It helps us see things from another person’s point of view. When we are stuck in our own headspace or experiencing negative thoughts or emotions, it is easy for us to forget that there are other perspectives out there – ones that might have something valuable to teach us about ourselves or about what is going on around us. By helping others in need and learning about their struggles, challenges and experiences first-hand, we will be much better able to understand what life is like for them – and this knowledge will deepen our empathy for others’ challenges as well as allow us access into new perspectives on our own lives.


I would argue that cultivating relationships is the best way to cultivate happiness.
So how do we find a balance between being there for others and taking care of ourselves? How can we ensure that we stay connected with those who matter most while still prioritising our own needs? These are questions I ask myself regularly. And while I don’t have all the answers yet (and probably never will), I do know one thing: spending quality time and connecting with loved ones at each opportunity is important.


The first step towards finding purpose is to determine what kind of person you want to be: kind, generous, honest? Once you know what traits matter most to you (and which ones don’t), everything else falls into place much more easily than before. Everyone has their own definition for “having a purpose in life”.


Optimism is a powerful force that can help you to achieve your goals, and it’s something that you can learn. The best way is to practise positive thinking (as opposed to negative thinking). A study found that people who were optimistic had better mental health than those who weren’t. This is because optimism helps you stay healthy and happy, which also means that you will have more energy for those things that are important to you.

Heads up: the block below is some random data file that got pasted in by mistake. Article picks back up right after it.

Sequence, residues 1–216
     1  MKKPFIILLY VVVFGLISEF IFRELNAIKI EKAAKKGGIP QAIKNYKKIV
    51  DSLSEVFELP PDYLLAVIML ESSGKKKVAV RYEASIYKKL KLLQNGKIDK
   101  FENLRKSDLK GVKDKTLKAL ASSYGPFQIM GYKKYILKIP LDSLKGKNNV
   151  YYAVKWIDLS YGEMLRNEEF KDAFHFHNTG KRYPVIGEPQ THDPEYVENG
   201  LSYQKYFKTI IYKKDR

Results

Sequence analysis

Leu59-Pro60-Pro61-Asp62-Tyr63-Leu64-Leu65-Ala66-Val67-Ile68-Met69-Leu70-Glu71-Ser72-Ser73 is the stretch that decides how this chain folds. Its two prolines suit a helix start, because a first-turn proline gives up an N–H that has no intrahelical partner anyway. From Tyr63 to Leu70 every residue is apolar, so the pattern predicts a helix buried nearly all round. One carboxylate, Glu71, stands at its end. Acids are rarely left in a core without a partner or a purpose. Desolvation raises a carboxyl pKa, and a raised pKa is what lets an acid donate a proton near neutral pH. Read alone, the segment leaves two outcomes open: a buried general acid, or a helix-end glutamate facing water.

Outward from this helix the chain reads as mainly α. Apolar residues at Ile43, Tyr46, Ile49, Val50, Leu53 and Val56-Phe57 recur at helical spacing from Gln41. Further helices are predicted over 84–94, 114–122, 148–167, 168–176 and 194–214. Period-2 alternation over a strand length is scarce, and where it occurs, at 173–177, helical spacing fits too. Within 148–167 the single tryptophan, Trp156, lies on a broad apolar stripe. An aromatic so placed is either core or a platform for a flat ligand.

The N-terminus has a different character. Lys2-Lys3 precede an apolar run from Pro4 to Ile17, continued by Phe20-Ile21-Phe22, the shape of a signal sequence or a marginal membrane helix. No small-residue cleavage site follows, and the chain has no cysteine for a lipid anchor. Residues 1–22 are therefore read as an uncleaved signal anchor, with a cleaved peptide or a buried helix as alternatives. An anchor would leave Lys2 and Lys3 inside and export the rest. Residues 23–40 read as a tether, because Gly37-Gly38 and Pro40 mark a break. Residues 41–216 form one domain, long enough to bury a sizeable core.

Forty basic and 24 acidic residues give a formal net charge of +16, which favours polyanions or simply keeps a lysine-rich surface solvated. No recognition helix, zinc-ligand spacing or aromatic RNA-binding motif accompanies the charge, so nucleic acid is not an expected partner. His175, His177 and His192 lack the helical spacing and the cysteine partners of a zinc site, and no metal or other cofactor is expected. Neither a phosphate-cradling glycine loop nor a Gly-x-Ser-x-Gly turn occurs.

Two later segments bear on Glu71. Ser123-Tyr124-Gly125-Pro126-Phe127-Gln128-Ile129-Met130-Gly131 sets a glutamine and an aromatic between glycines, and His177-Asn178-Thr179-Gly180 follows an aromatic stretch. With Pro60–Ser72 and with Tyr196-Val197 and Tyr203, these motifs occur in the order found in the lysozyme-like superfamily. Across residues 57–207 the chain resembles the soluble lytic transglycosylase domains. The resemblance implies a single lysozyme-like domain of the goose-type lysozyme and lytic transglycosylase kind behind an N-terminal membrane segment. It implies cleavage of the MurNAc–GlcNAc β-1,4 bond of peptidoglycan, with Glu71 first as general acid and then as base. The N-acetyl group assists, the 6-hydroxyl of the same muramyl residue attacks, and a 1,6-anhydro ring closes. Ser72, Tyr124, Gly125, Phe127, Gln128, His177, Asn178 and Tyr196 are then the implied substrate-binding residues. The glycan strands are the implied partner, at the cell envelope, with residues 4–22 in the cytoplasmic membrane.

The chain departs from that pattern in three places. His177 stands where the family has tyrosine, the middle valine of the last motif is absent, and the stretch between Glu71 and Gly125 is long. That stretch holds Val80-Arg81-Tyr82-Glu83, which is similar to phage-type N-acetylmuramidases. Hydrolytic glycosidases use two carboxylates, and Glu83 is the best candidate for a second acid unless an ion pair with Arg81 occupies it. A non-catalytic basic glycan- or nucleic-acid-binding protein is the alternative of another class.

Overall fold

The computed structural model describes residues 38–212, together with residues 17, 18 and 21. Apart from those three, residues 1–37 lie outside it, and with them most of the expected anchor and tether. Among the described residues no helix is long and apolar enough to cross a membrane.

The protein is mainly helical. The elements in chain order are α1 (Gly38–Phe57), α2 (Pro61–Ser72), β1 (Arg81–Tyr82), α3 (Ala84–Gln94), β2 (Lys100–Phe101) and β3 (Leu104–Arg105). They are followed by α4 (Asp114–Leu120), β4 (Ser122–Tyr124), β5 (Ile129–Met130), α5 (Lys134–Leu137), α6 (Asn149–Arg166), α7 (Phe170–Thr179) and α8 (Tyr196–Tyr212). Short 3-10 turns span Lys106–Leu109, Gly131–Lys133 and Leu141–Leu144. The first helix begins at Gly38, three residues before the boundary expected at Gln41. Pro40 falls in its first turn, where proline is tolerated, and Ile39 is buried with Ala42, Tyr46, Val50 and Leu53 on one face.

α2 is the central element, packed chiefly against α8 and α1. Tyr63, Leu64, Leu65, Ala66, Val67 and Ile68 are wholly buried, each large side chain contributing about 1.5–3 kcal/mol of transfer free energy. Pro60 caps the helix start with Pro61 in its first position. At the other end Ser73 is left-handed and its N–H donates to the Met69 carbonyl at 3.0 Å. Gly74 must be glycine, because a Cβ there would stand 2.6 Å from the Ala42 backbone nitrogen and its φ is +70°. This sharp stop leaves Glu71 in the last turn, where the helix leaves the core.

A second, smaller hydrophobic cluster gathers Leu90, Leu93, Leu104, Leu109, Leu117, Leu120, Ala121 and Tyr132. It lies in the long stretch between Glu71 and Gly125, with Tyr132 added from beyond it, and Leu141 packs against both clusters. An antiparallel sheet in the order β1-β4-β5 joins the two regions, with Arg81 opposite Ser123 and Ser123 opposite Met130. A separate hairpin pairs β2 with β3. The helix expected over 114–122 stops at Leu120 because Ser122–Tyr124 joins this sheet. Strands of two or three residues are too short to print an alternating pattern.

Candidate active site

So how do we cultivate our optimism? The first step is to make a list of the things in your life that make you feel good about yourself. Then take some time out each day and think about one thing from the list. You may also want to write down three things that went well during the day so far – then look at them when things get tough!


Mindfulness is a practice of focusing on the present moment with non-judgemental awareness. It encourages you to notice your thoughts and feelings without reacting to them. You may have heard that mindfulness can help reduce stress and anxiety, improve your mood, or make you happier overall – and the science backs this up!


Happiness is a choice, not an accident. It’s not a result of good luck or fate; it requires deliberate action on your part. You can learn to be happy by actively choosing happiness over other emotions you might feel at any given moment, such as anger or sadness.

The difference between happiness and joy is subtle but important: while both can be enjoyed when they occur naturally (like when you are laughing with friends), happiness involves cultivating positive emotions through intentional activity.

Satisfaction is about looking back over time with gratitude for all the blessings in one’s life – financial security perhaps being one of those blessings! Pleasure is often fleeting because it comes from outside sources such as material objects we purchase ourselves or even food we eat at restaurants rather than cooking ourselves at home.

The good news is that happiness is not just a fleeting feeling. It’s a skill, and the more you practise it, the more natural it will become.

Richard Knighton, Fleet Personnel Director